The Specs
- Large Tallboy Frame with Fox RP23 shock
- Cane Creek 110 Mixed Taper headset
- Stans 355s laced to DT Swiss 240s by Mike C.
- Fox F29 100 FIT RLC w/15mm axle
- SRAM XX Drivetrain with 39/26 Front and 11/36 Rear
- Magura Marta SL brakes
- Thomson Masterpiece Seatpost
- Thomson X2 Stem
- Edge Mtn Riser Bar, 700mm wide, uncut
- Ergon GP1 Leichtbau Grips
- WTB Silverado Saddle (still not sure if this is my saddle Nirvana)
- Time Atac XS Ti Carbon pedals

The tires obviously affect the overall weight, but with semi-lightweight 600g tires my Tallboy weighs 24.3 lbs. This is a huge improvement over my 2008 Turner Sultan which was close to 27 lbs. Bikes like the Tallboy, the Trek Superfly 100, and the Specialized Epic 29er have made full-suspension 29ers a viable race option.

The Ride
I dig it. If I had to choose one word to describe the ride, it would be “snappy”. It rides with the kind of snappiness that will make it tough to choose the hardtail next season. Four inches of travel is perfect for endurance racing and definitely smoothes out the bumps nicely. This bike will take the edge off of trail sections like Tuffy’s Rim during the 12 Hours of Mesa Verde and the Bustle Creek descent at Pierre’s Hole. The wheelbase is a bit longer than my Air9 hardtail and tight switchbacks are a little trickier but the low BB helps. Speaking of low bottom brackets...

Shock Pressure & Pedal Strikes
A lower BB for better cornering was part of my criteria for a new bike. The claimed BB height on the Tallboy is 12.8” but a rider’s weight effectively lowers the BB by about half an inch once you factor in the sag. Too little PSI in the shock means too much sag, which results in a BB that is too low, which results in lot of pedal strikes. At first, I was running too little PSI and whacking my pedals on a lot of rocks. Five PSI either way changes the ride quite a bit on this bike. At 168 lbs (no gear), I am running 160 PSI in the shock with the ProPedal on 2 and that seems to be the best balance between a comfortable ride and a firm pedaling platform. The ProPedal helps the bike ride higher up in its travel and keeps the BB where it should be.

The Drivetrain
I was really enjoying the SRAM XX until I went for a ride in the Big Holes where I was missing my 22 x 34 option on the steepest climbs. I did several big rides in the Big Holes in October and at some point during each of those rides I was wishing I had another cog in the back. However, the Big Holes are a unique place in that the trails tend to go straight up and then straight down. If I decide to race the 100-mile version of Pierre’s Hole next summer I will definitely have a triple chainring on the front of the Tallboy because of the relentless Dry Creek climb. However, the 26 x 36 is plenty for the Cream Puff, Mesa Verde, and Old Pueblo.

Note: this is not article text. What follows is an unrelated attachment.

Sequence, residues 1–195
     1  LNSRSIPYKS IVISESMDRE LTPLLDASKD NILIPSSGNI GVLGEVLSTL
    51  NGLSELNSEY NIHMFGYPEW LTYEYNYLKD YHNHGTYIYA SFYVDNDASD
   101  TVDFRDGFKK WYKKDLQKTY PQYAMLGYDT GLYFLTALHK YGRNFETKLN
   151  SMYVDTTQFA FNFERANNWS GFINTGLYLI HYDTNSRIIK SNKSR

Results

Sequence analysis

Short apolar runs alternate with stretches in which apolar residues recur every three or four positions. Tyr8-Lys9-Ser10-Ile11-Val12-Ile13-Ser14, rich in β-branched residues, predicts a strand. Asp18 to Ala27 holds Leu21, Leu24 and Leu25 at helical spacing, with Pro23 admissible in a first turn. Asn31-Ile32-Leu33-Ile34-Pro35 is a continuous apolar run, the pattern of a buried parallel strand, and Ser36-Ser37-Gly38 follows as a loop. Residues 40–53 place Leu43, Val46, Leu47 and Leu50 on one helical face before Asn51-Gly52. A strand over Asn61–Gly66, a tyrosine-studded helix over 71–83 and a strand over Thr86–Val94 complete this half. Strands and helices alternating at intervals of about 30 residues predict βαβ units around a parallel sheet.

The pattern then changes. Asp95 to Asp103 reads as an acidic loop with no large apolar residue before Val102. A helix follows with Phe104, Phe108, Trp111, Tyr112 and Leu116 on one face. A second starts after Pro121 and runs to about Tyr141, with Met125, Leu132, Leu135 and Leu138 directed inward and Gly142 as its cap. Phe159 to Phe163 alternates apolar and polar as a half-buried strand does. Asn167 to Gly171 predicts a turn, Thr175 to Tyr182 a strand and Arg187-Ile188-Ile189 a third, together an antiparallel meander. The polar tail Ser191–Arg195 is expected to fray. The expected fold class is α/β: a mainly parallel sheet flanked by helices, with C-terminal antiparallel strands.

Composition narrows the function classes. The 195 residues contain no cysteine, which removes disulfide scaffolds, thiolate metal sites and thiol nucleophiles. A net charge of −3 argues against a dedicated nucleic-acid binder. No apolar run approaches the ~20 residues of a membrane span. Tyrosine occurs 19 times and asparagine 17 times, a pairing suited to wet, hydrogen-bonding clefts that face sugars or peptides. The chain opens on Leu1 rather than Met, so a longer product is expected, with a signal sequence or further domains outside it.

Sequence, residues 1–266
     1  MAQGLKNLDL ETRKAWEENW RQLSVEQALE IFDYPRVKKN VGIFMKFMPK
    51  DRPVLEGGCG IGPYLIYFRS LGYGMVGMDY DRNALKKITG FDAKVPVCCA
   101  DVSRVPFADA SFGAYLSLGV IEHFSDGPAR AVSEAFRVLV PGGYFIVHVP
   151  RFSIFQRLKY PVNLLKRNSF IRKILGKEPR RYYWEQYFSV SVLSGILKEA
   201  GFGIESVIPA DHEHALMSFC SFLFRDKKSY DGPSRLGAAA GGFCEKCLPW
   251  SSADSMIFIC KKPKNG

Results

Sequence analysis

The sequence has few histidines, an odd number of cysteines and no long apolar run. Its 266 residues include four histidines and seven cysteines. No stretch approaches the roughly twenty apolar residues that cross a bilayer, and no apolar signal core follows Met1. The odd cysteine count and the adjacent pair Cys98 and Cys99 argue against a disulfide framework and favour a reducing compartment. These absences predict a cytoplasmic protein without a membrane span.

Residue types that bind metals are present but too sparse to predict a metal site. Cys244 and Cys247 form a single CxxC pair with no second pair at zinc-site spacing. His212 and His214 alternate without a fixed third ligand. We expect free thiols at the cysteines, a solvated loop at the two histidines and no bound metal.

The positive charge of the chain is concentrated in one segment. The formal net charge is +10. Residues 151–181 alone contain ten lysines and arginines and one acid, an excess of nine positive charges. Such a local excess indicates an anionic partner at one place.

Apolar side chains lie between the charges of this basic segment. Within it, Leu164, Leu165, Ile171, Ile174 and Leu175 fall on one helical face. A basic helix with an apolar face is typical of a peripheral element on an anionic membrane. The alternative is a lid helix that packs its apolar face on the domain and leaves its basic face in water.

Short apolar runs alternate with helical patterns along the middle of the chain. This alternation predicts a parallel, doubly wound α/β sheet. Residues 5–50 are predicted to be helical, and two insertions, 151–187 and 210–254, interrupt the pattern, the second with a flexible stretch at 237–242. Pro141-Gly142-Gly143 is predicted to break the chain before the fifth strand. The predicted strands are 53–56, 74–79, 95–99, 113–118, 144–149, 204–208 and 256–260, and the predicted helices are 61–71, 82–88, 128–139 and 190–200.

I have to admit that I was expecting more out of SRAM XX. It is a nice drivetrain but my “old” 9-speed setup of XTR cranks, XTR front derailleur, XO gripshift, and XO rear derailleur shifted every bit as well. SRAM would score points with me if they would hurry up and release a 10-speed gripshift.

I am a BIG fan of the Shimano 15mm E-thru axle on 29” forks. I admit that I didn’t think it was necessary at first but now I am a believer. The steering is crisp and precise and the big fat quick release is genius because the axle tension is the same every time and makes wheel removal and installation a no-brainer.

15mm E-Thru System

If you plan on carrying a water bottle on your Tallboy, flip your shock around and buy a side-loader bottle cage. I was getting really frustrated by hitting the blue ProPedal lever with my water bottle every time I took a drink until I flipped the shock around. The Arundel “Other Side Loader” cage works very well and is easy to load without looking down.

Flip your shock to make room for a 24oz bottle

Santa Cruz nailed the geometry and the tire clearance with the Tallboy. A 2.25 Schwalbe Racing Ralph tire has plenty of room to spare. A pet peeve of mine is to see a sweet mountain bike with crappy rear tire clearance. The built-in chainstay protector and zerk fittings for greasing the BB pivots are nice touches as well.

Zerk fittings are below the BB

Santa Cruz uses a combination of an in-set top race with an external bottom race called a "mixed set" headset

11-36 in the back

Interesting Note: Santa Cruz specs the Q166 SRAM XX cranks but the Q156 clears the chainstays just fine